Plants have been known to heal people of various maladies for millenia, and in fact, form the basis for almost all medicines on earth. For example, aspirin is a synthetic form of willow bark, and digitalis, taken for heart imbalances, comes from foxglove. The tea plant, Camellia sinensis, has a history of being considered a medicine, and has reached many continents with this reputation. But does tea heal people? And if so, how and of what?
First, I do not make any claims about the tea plant being a medicine capable of healing any ailment, and those who do are not necessarily to be trusted. While tea is loaded with polyphenols, antioxidants, and other agents that suggest excellent health benefits, one would not want to say that tea cures any particular ailment or disease without documented clinical substantiation of such claims, which you will not find offered here.
But I digress. Many herbalists believe that using real plant-based medicine can be more effective than using synthetic pharmaceuticals for a number of reasons, including the avoidance of grave and sometimes even fatal side effects caused by manufactured medicines. But a lesser-known, perhaps even more compelling, reason that traditional herbalists use plants for healing is how the “spirit” of certain plants can assist in healing the patient. This concept is referred to as “plant energetics” or “plant spirit medicine”, and has been practiced by traditional healers around the world for thousands of years.
In this philosophy, plants are considered to have spirit, intention, and the capacity for relating to others with consciousness. And while certain herbs physically treat certain maladies, the spirit of the plant medicine can also assist the patient in healing the emotional constructs that are a part of the imbalance. Several compelling books have been written on the subject, including The Secret Life of Plants , The Lost Language of Plants, and Plant Spirit Medicine.
Does Tea have spirit? Can that spirit heal people? Tea’s reputation both as a medicine and as an aid to spiritual practice is what gave it such cache as it traveled from continent to continent, many times in the hands of Buddhist or Christian monks, as it was introduced to new lands like Japan and Portugal. When not spoken of with reverence by priests and monks, it was prized by herbalists and scholars. Some believed it cured plague and other serious maladies. Of course, it does not, at least not scientifically, but what could tea possibly do as an agent of healing?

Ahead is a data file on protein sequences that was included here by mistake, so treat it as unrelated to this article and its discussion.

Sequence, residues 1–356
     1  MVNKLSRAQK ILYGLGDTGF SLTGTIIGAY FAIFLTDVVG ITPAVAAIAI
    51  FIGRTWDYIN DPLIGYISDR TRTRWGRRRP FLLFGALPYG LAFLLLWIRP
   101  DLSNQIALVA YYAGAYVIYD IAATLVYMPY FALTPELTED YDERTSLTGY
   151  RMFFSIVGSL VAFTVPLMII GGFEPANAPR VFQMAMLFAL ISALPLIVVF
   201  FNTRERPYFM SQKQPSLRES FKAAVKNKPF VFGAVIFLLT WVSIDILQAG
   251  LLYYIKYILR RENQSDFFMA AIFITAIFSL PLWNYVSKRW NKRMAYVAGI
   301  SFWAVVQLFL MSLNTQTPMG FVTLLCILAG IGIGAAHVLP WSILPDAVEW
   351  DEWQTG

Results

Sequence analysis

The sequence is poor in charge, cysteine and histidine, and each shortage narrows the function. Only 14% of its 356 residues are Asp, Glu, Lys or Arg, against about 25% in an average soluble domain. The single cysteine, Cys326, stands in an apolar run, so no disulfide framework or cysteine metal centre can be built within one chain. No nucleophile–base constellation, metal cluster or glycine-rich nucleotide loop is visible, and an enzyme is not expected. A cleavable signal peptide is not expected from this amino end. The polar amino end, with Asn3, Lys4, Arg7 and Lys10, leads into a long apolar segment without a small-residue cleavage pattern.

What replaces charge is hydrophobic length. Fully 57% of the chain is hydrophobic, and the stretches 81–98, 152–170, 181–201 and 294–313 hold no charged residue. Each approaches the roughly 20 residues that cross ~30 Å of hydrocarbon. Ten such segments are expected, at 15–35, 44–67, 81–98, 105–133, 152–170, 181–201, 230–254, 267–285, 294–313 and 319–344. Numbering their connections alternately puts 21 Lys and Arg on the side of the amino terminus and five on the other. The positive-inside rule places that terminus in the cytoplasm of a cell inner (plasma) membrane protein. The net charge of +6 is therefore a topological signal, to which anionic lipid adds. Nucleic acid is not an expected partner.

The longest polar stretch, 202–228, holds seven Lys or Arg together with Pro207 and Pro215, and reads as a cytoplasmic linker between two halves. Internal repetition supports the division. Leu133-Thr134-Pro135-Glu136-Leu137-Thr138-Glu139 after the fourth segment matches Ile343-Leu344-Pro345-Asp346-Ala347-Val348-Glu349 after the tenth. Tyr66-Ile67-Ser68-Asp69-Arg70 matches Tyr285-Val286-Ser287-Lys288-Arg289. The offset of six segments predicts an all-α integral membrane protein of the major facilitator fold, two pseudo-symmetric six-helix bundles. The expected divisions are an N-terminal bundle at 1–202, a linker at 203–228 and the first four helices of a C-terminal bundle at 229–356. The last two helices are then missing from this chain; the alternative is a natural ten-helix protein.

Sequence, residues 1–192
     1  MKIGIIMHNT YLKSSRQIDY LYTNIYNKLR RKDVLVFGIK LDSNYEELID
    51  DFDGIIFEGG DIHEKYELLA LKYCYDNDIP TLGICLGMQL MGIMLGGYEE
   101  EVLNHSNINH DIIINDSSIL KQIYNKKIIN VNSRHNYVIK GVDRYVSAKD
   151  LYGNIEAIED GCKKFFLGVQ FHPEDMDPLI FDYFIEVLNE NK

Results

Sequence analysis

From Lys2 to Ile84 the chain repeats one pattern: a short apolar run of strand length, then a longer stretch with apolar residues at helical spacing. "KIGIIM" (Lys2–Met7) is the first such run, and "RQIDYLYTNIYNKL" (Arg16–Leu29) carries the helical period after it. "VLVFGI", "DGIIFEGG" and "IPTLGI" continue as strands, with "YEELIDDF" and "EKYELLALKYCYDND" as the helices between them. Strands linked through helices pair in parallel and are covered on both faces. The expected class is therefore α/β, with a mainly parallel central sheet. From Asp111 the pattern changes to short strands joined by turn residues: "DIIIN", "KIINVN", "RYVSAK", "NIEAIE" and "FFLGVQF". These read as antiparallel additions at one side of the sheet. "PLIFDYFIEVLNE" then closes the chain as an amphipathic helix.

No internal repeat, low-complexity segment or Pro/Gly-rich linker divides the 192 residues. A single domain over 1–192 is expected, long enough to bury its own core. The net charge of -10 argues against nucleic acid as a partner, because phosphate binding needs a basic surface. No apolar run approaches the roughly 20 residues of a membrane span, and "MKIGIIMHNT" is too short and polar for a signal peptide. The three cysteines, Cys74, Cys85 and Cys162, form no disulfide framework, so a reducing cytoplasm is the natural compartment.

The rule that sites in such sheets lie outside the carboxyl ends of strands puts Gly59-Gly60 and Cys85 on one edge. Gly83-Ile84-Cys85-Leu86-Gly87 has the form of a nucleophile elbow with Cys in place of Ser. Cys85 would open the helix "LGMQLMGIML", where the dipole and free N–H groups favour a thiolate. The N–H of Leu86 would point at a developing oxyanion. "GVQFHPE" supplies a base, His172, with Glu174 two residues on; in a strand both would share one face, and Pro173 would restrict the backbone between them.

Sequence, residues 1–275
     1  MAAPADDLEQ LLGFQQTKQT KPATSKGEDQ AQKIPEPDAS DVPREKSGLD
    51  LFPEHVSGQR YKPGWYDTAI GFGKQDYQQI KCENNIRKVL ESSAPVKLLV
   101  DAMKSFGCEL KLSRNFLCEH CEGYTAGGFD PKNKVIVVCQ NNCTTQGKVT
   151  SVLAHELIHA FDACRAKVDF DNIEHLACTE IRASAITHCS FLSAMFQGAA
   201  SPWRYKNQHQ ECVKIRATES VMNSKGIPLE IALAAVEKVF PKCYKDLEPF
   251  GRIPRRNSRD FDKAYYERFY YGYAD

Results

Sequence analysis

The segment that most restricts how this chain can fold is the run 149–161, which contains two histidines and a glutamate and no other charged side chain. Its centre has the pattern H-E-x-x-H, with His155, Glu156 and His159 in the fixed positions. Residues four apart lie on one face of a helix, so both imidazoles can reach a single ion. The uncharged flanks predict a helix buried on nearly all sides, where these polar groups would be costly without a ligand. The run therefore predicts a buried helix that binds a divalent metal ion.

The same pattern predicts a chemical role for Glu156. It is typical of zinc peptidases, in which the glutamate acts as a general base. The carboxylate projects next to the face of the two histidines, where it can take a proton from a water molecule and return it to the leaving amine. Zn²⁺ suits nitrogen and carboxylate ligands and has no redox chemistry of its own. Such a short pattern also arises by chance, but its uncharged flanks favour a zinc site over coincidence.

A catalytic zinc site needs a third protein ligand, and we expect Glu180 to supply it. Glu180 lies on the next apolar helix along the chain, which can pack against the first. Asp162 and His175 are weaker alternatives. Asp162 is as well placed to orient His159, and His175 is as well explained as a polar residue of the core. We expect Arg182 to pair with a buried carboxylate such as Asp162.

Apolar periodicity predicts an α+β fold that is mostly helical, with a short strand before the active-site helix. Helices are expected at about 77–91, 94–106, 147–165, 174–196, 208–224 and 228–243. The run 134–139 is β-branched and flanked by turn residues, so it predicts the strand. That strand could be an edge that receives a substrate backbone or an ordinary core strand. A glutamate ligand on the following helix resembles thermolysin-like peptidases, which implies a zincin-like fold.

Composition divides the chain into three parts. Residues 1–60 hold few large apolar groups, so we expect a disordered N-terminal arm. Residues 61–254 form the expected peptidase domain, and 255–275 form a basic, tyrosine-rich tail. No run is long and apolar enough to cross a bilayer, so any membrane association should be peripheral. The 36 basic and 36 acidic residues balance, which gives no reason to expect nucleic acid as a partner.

What I have learned in my own personal study of Tea (and by Tea, I mean only Camellia sinensis) is that some teas can be transformational and healing in terms of one’s understanding of himself and of life. Tea has taught me kindness, deeper compassion, and a peace of mind that I had not experienced before despite years of meditation, yoga, and other relaxation practices. Tea also brings community and sanctuary, often simultaneously, which in itself is rather a miracle in this age of virtual antipathy for congregation.
I have seen and so believe that people who drink tea are changed by it, in the moment, and if one drinks it regularly, in a very deep and lasting way. I have read numerous accounts of people expressing how their lives have been changed by tea–sometimes emotionally, sometimes spiritually, and sometimes physically.
Tea helped me personally to develop a greater capacity for kindness and compassion, both for myself and for others, and also to enjoy each moment, sometimes profoundly. It has also given me a greater appreciation of nature and of my immediate surroundings, and enhanced my sense of community and interrelatedness with the world. Are these qualities “healing”? For me, they have been, and I am grateful to this plant–just as I would be to a priest or a doctor who bestowed so many blessings on me.